Anti-gunners want people to believe that we don’t need the Second Amendment to the Constitution. And, in a way, they are right, but not for the reason that they think.
You see the Second Amendment explicitly states that the Federal government doesn’t have a right to prevent you and me from owning and responsibly using firearms, but there are two other Amendments to the Constitution that cover the Second Amendment and more. They are the Ninth and the Tenth Amendment. Mike Maharrey explains,
As I explained in my Constitution 101 article on the Second Amendment, the Constitution only delegates specific powers to the federal government. The enumeration of certain powers logically excludes all powers not listed. Designato unius est exclusio alterius is a legal maxim meaning, “the designation of one is the exclusion of the other.” You will find no authority to regulate firearms or ban certain types of weapons in the Constitution. The supporters of the Constitution consistently argued that the federal government would not possess the authority to exercise any power not explicitly given.
As a condition of ratification many states insisted on a Bill of Rights, including amendments to make this rule of construction explicit. The result was the Ninth and Tenth Amendments.
So, even if the Second Amendment was never ratified, or if we accept the very narrow application preferred by progressives, the federal government still cannot infringe on the individual right to self-defense.
The Ninth Amendment was ratified to ensure that listing certain rights in the Bill of Rights would not be construed as all-inclusive.
The enumeration in the Constitution, of certain rights, shall not be construed to deny or disparage others retained by the people.”
Madison’s proposal for what became the Ninth Amendment makes clear the intent was to amplify the limits of federal power – specifically to ensure the enumeration of certain rights was not taken to imply the federal government could violate rights that were not mentioned.
That brings us to the Tenth Amendment. It works together with the Ninth Amendment to explicitly define the limits of federal power.
The powers not delegated to the United States by the Constitution, nor prohibited by it to the States, are reserved to the States respectively, or to the people.”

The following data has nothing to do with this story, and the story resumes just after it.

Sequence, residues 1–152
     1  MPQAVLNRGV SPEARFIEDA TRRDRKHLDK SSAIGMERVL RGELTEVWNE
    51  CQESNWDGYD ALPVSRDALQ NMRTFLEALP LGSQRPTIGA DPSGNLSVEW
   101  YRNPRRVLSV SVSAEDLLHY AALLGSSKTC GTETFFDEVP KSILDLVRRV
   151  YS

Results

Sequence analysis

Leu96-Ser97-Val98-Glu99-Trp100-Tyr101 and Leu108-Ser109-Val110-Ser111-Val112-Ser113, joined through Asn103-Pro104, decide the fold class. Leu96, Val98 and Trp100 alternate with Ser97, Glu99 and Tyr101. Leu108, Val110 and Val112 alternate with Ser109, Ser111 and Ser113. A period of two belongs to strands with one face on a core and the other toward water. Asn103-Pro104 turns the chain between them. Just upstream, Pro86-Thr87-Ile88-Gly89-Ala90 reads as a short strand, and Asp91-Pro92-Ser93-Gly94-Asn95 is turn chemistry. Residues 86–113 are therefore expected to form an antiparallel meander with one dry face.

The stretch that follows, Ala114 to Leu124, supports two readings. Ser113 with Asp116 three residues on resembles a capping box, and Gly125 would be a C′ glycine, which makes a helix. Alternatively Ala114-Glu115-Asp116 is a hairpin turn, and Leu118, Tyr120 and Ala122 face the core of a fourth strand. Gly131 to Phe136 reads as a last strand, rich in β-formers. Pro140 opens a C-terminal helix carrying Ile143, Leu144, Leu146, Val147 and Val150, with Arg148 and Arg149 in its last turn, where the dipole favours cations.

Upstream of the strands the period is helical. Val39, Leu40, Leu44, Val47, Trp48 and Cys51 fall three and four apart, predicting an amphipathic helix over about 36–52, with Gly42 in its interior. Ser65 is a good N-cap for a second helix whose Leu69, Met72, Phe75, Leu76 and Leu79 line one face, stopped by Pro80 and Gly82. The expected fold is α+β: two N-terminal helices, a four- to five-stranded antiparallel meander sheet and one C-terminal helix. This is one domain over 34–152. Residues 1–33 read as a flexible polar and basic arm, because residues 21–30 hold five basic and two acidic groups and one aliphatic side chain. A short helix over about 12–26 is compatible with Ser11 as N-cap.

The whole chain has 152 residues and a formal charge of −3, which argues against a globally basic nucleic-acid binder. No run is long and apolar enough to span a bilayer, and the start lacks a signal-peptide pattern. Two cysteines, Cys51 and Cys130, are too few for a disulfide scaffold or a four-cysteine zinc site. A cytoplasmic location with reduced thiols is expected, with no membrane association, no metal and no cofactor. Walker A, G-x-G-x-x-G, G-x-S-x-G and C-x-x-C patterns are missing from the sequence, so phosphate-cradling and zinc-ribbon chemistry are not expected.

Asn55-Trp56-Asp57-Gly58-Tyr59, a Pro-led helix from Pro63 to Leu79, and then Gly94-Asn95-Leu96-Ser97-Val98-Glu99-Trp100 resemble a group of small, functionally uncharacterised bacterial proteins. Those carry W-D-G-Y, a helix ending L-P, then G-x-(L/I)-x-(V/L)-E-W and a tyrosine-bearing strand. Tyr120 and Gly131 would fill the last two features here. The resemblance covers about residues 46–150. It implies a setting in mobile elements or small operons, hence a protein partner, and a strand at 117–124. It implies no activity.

Because the Constitution does not delegate gun control to the federal government, and because the Ninth Amendment makes it clear that the federal government cannot infringe on individual liberties – even those not listed in the Bill of Rights – any regulation or laws regarding guns remains the province of state governments, as dictated and limited by their constitutions.
Simply put, no matter how you care to interpret the Second Amendment, based on a constitutional reading guided by Amendment IX and X, the federal government possesses zero authority to enforce any type of gun laws, or infringe on the right to self-defense in any way whatsoever.
So, to put it in layman’s terms, the Constitution specifically says that, if the Constitution doesn’t plainly and directly grant a power to the Federal government, then the Federal government does not have that power, and, because the Constitution does not explicitly say that the Federal government has the right to prevent people from owning and using firearms, then the Federal government cannot take that right away from us.
This is something that you’ll probably never hear from an anti-gunner propagandist, and, to be fair, they’ve probably never heard it either (as evidenced by their illiteracy about the Constitution on gun issues), but, if they want to get silly with their notion of what a “well regulated militia” is, then just point them to these two Amendments. If they have a shred of honesty in them, they’ll simply admit that they don’t have any kind of legal standing for their gun control nonsense.